Circular No. 1813, 16th October, 1999

We reproduced below the Submission of the Estate Doctors Association to the Health Panel of the Legislative Council dated 21.9.1999 for your information. The Submission was also sent to the press and media on 27.9.1999.

Control of Sale of Drugs

EDA with 1,500 doctors mainly in private practice, actively involved in delivery of health care particularly to public housing residents, all members together serving up to half of Hong Kong population, has played an important role in promoting good medical care not only to them but to all Hong Kong citizens, through public education, preventive care and advising government on health issues etc.

We believe patients should not be deprived of their right of choice of drug dispensing. Doctors and pharmacists are partners in health care delivery. Our ultimate aim is common and is to improve the health of the community. Therefore the two professions should work in harmony. Doctors help in patient consultation, order investigations, make diagnosis and dispense or prescribe drugs to treat patients. Pharmacists are to manufacture drugs, new or old, to dispense drugs on doctors' prescriptions and to give advice to patients on over-the-counter products on self-medication.

Naturally if the doctor also gives medicine as is the practice here in Hong Kong, he gives the one he means the patients to have. The worry that an outdated or wrong medicine may be given presumes the doctor not wanting the result he wants the patients to have, i.e., to get better. The wrong reasoning also assumes the generic medication is not the correct drug. But in fact the category of non- patented drugs once they are accepted for registration means they have satisfied the Health Department as genuine and fit for consumption. What the media and public has been led to believe is that the so called counterfeited medicine is not the real chemical in question but something less than the equivalent amount contained in the patented drug or even a different substance altogether. This is of course not true. No doubt it seems totally unfair for the inventor but patents do run out and many drugs we now use such as equivalents of original drugs like panadol, valium and many antibiotics are widely used here, in China and in the world elsewhere in form of generic equivalents. Tylenol so well known to Hong Kong migrants in Canada and USA is a well known example. Don't mistake it to be counterfeited medicine or inferior to the original PANADOL. Equivalents are manufactured all over the world under strict supervision just as the inventor company. It is the price and the reputation of the firm that make the difference.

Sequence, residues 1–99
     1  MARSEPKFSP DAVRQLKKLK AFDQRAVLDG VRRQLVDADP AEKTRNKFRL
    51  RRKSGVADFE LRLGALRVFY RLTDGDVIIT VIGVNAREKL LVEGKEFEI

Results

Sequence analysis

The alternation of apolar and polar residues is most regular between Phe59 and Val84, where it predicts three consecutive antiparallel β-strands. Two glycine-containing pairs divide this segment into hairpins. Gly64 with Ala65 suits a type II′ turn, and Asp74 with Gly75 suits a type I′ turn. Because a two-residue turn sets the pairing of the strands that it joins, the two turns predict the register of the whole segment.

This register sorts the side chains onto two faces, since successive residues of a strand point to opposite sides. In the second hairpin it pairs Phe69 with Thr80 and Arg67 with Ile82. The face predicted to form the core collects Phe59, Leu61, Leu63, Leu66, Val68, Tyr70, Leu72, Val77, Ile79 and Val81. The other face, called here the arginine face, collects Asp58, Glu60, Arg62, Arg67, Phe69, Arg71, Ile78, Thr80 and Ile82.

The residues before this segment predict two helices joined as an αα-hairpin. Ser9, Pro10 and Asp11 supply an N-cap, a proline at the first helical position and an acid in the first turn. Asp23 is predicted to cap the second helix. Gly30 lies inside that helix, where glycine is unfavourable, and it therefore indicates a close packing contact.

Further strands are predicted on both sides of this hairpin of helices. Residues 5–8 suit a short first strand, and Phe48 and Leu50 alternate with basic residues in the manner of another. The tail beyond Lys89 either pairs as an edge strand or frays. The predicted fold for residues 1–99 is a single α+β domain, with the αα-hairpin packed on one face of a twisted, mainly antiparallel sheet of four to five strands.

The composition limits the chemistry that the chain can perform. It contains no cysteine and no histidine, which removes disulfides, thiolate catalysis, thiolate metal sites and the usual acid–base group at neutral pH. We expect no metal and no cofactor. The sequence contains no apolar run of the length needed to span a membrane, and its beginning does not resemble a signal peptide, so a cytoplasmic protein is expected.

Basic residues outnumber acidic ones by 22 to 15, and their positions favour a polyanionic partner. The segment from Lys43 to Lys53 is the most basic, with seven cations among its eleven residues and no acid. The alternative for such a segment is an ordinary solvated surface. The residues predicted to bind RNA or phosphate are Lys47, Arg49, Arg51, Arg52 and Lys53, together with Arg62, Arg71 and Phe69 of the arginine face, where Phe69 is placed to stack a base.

As for the suggested requirement for doctors to remind patients of their right to have medicine dispensed at either the doctor or the pharmacy, can we not say the same principle should apply to the pharmacist? The latter will then be required to remind each patient that he must have previously obtained a prescription written by a doctor for prescription medicines. And should we also suggest that he must also remind the patient to have a follow up consultation particularly if he does not improve or has side effects, and that he must explain all possible side effects to each patient who comes to purchase medicines. We can see how superfluous therefore the requirement of the doctor to remind patients of their rights each time of seeing him and of giving a prescription first before asking if they want medicine dispensed at doctor's clinics or pharmacies. It boils down to professional self discipline is adequate for both professions.

Irregularities are bound to occur in both professions. Such irregularities are small in number and should be dealt with properly by authorities concerned. These should not be taken as the excuse to take away the intrinsic roles of either the doctor or the pharmacist. EDA members get the general impression that their patients want the present system of obtaining medication from doctors retained. We do believe that doctors on dispensing give patients more choice, more convenience, more confidence and more cost-effectiveness to receive their medical treatment. After all, as stated in the Harvard Report on Health Care Reform, the consultation fee which includes medication is comparatively cheap in Hong Kong than elsewhere.

We do support the pharmacists' suggestion of closer supervision and tighter control of drugstores. The reason behind the Health Department's enforcement of drugstores inspection was to check whether unauthorised dispensing by the drugstores occur. But to suggest the Health Department to inspect doctors' office forgets that doctors at present have the legal right to dispense and have not broken the law. Thank you for your kind attention.

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